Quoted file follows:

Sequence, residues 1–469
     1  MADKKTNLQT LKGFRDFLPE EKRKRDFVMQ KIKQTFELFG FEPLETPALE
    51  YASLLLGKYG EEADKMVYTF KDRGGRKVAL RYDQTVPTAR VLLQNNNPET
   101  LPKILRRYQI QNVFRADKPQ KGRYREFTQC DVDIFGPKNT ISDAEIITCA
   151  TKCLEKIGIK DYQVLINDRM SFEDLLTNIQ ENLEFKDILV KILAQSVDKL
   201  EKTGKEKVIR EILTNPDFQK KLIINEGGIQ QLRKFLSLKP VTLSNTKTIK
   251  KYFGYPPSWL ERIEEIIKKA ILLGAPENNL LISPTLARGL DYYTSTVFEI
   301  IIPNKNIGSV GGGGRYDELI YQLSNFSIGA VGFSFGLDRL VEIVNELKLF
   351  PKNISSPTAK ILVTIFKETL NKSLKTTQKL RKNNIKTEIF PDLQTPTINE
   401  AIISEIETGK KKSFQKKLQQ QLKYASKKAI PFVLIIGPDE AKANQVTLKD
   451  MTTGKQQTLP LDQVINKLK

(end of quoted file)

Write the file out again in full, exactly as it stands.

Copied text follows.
Sequence, residues 1–469
     1  MADKKTNLQT LKGFRDFLPE EKRKRDFVMQ KIKQTFELFG FEPLETPALE
    51  YASLLLGKYG EEADKMVYTF KDRGGRKVAL RYDQTVPTAR VLLQNNNPET
   101  LPKILRRYQI QNVFRADKPQ KGRYREFTQC DVDIFGPKNT ISDAEIITCA
   151  TKCLEKIGIK DYQVLINDRM SFEDLLTNIQ ENLEFKDILV KILAQSVDKL
   201  EKTGKEKVIR EILTNPDFQK KLIINEGGIQ QLRKFLSLKP VTLSNTKTIK
   251  KYFGYPPSWL ERIEEIIKKA ILLGAPENNL LISPTLARGL DYYTSTVFEI
   301  IIPNKNIGSV GGGGRYDELI YQLSNFSIGA VGFSFGLDRL VEIVNELKLF
   351  PKNISSPTAK ILVTIFKETL NKSLKTTQKL RKNNIKTEIF PDLQTPTINE
   401  AIISEIETGK KKSFQKKLQQ QLKYASKKAI PFVLIIGPDE AKANQVTLKD
   451  MTTGKQQTLP LDQVINKLK